Film

Short Cuts - Guilty Pleasures: Cannibal Holocaust

For anyone who thinks that all Goona Goona movies are alike, a trip through this particular Cannibal Holocaust should quiet those concerns once and for all. Far more graphic than other jungle jive, but with an actual message method to its miscreant madness, this is one of the best Italian horror films ever—all for reasons that have nothing to do with terror or the macabre. Ruggerio Deodato has made a geek show as Greek chorus, a strident social commentary on the state of the news media glossed over with gore and gratuitous animal slaughter. While it is truly tainted, sickening stuff, one does not feel as filthy as say the experience of watching the last few minutes of Umberto Lenzi's Cannibal Ferox. Both movies trade in the same sort of revolting imagery, but one film wants to play with the parameters of cinema. The other is just out for a splattery good time.

But Cannibal Holocaust isn't just a gut-munching gross out. Though it may seem odd to say it, Cannibal Holocaust is really a disgustingly dark comedy, a savage satire on the media and the methods it would stoop to in selling a story. Deodato was way ahead of his time here, attempting a Network-like denouncement of filmmakers and journalists who would rather "create" news than simply report it. We laugh at the moments surrounding the fictional Alan Yates and his team of intrepid psychos. It is hilarious how quickly they revert to rape, murder, and disgustingly deviant behavior, all in an attempt to "go native" and have the locals provide them with some sensationalized footage. Sure, the entire last act of the film (where the Blair Witch-style material from their final "adventure" is screened by the TV executives) is laughable, a kind of perverted pantheon of over-the-top elements. But Deodato uses this approach to both condemn and codify his characters. We need villains in this kind of film, and Alan and his pals make the perfect cannibal bait.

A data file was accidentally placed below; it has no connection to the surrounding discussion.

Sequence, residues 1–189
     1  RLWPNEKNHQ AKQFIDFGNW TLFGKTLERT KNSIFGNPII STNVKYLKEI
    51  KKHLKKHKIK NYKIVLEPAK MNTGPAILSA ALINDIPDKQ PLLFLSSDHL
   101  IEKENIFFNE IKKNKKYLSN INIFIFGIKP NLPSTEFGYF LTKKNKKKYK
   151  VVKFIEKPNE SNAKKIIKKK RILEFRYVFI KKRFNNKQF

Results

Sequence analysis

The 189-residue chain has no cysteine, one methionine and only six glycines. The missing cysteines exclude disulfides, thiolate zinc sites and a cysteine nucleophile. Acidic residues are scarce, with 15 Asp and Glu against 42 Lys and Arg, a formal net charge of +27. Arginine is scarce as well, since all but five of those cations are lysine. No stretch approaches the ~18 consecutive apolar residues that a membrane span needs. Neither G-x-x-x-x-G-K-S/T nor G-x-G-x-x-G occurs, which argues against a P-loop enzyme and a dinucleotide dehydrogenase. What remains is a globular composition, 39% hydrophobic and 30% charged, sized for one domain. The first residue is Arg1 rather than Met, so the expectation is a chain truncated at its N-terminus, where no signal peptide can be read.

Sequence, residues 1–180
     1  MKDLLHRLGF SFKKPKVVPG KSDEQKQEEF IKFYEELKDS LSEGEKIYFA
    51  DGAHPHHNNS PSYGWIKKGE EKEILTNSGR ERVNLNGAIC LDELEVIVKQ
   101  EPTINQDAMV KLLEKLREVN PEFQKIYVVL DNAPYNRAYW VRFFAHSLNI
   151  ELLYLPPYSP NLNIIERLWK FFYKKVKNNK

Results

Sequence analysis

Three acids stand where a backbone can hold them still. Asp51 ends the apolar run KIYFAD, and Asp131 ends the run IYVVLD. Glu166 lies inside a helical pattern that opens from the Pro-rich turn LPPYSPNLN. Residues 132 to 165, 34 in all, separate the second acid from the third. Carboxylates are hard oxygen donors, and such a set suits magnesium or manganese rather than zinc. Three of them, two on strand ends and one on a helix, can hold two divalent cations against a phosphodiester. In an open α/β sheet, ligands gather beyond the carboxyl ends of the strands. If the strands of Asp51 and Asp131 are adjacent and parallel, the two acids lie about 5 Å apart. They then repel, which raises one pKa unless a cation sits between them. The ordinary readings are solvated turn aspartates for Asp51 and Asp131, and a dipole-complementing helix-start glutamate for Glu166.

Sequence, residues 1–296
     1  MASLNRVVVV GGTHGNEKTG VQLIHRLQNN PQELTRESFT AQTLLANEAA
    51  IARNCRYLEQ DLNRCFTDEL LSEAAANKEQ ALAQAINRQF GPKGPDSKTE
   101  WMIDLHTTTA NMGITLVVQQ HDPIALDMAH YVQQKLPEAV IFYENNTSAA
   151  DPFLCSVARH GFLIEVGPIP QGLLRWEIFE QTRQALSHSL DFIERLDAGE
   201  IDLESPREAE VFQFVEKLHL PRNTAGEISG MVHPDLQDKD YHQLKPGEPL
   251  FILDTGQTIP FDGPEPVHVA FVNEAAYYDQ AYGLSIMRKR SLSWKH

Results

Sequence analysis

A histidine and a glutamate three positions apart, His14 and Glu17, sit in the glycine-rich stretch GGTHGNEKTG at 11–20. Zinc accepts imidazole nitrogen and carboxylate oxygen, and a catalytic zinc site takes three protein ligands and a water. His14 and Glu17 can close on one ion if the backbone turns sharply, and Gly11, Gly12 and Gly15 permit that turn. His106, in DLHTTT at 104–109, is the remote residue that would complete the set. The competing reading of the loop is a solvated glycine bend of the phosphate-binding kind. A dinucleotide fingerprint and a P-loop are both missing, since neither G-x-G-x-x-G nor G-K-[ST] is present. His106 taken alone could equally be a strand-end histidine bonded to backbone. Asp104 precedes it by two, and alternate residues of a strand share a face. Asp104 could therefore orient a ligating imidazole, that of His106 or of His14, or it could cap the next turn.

That is why Cannibal Holocaust is a much better film than its imitators and inspiration. It is still repugnant and sordid, but most of the misguided grotesquery is in service of a very sound message. The truth is that Cannibal Holocaust is a good movie gunked up by elements that are either unnecessary (monkey brain eating? Please…) or unexplained (the way in which the natives function among themselves is left to a lot of confusing speculation), a true milestone of moviemaking that is sadly slandered for issues far outside the main purpose of the narrative. As long as you are prepared for the repugnance, you will more or less enjoy this graphic, gritty cinematic experiment. Its reputation is well deserved.

If space is time—and space is literally time in the comics form—the world of the novel is a temporal cage. Manuele Fior pushes at the formal qualities of that cage to tell his story.

Manuele Fior's 5,000 Km Per Second was originally published in 2009 and, after winning the Angouléme and Lucca comics festivals awards in 2010 and 2011, was translated and published in English for the first time in 2016. As suggested by its title, the graphic novel explores the effects of distance across continents and decades. Its love triangle begins when the teenaged Piero and his best friend Nicola ogle Lucia as she moves into an apartment across the street and concludes 20 estranged years later on that same street. The intervening years include multiple heartbreaks and the one second phone delay Lucia in Norway and Piero in Egypt experience as they speak while 5,000 kilometers apart.